What Will Become Of The Nekoyama?

A short story by Haruki Murakami, from the book Murakami Radio.

I once compared a difficult task to trying to train a cat, and I got an avalanche of responses from cat owners insisting they’d trained their cats just fine. Some people claimed that the trick is being patient and doing it during mealtime. I’ve fed a lot of cats in my day and I never felt that was a good opportunity for training.

To me, cats are loyal friends who are, in a sense, your strategic partners but are not there to be trained. I want Nekoyama (a pseudonym I have given to cats to make them sound more human) to live with dignity. I’m not saying that every cat is untrainable (although I firmly believe that’s a compliment), but Nekoyama are staunchly independent and, well, cool.

We have a saying in Japanese: “like a borrowed cat.” Younger people have asked me why you’d ever borrow a cat. Hmm. Why would you borrow someone else’s cat? Something to do with animal therapy? No, not at all. It was for getting rid of rats around the house. If you had a particularly skillful rat-catching cat, neighbors would drop by and ask to borrow it to deal with their infestations. Cats were an invaluable asset in the war against rats in the old days. When I was a kid our cat would periodically catch a rat and parade around with it in its mouth, thus solidifying its value as a member of the household. Cats fended for themselves, had useful specialized skills, and were regarded sort of like independent contractors. You’d never even think about training a cat in those days. It would serve no purpose.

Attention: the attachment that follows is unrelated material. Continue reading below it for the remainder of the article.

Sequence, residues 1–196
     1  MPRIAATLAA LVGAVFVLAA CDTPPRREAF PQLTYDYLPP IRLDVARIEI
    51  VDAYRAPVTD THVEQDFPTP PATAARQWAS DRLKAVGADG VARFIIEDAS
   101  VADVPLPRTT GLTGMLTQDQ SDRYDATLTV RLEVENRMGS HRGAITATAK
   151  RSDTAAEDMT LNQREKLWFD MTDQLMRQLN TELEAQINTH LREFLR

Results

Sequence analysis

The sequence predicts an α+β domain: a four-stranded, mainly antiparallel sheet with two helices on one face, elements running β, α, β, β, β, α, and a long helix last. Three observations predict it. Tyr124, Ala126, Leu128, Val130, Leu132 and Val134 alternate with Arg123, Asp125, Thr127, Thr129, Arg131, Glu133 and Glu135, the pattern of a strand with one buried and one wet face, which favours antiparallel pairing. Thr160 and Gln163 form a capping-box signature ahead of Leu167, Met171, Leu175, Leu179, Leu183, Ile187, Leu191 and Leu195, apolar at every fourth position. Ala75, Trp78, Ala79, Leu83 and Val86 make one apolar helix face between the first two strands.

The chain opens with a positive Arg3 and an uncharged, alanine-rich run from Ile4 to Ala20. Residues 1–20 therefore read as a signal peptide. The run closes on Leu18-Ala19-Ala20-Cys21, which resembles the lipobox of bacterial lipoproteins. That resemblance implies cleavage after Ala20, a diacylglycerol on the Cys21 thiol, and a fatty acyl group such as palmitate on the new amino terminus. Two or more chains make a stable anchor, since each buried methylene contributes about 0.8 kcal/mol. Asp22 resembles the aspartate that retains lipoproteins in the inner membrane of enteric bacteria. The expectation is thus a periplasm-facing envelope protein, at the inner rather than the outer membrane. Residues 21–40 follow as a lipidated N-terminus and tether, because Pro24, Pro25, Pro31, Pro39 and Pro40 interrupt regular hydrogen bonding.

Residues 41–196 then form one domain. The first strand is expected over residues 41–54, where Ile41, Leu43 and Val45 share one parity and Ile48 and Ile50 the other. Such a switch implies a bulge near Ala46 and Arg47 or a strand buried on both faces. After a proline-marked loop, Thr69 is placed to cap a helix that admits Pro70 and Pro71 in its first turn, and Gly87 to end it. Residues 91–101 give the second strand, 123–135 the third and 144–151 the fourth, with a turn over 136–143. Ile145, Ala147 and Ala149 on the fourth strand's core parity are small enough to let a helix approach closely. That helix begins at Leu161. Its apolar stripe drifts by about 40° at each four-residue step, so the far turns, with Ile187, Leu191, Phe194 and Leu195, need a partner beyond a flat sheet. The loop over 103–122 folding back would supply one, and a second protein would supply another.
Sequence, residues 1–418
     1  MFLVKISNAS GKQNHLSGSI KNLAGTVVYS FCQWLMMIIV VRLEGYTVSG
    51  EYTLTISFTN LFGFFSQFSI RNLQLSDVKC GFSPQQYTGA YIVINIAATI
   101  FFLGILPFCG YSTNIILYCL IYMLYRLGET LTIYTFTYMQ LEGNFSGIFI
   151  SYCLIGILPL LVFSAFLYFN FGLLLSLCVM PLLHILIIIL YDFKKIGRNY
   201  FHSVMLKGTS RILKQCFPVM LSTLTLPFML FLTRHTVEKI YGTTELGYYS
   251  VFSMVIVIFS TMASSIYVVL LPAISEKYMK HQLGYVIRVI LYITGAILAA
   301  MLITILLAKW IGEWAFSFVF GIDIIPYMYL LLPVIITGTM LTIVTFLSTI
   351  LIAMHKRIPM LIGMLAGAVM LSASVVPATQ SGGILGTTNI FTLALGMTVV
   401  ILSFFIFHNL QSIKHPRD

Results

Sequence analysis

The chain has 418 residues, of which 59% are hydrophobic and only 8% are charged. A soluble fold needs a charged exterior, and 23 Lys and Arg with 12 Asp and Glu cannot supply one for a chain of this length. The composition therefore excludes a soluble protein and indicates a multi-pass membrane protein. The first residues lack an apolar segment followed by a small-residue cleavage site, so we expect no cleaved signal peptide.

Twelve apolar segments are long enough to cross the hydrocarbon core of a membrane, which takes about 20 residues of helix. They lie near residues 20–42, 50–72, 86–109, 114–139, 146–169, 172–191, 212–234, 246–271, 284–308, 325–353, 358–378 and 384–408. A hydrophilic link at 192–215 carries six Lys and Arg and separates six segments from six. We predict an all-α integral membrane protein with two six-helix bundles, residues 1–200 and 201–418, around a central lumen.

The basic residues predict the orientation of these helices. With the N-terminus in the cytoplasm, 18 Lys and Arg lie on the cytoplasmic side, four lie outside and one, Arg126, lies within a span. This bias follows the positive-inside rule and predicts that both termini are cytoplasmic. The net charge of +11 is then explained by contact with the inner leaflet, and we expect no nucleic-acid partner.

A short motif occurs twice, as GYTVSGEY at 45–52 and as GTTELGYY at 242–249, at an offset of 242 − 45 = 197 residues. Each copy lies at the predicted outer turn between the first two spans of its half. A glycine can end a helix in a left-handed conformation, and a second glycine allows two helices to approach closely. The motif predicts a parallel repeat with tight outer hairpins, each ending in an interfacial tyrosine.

But you don’t find many rats inside Japanese homes anymore, and that’s shifted the purpose of cats. Now people keep them as cute pets. It’s possible that’s led to an increase in cats that are trainable despite their history of independence. I imagine some annual National Meeting Of The Cats. There they are, gathered in a corner of the grounds of a shrine, and one of them says: “In order for the cat to survive in these difficult times, we must undergo a complete image overhaul.” The cats pass this resolution, arms folded and nodding in agreement.

But man, I’d love one cat to speak up: “What the hell do you mean? Training?! I’m no dog, I’m a cat!”

Best of luck, cats far and wide.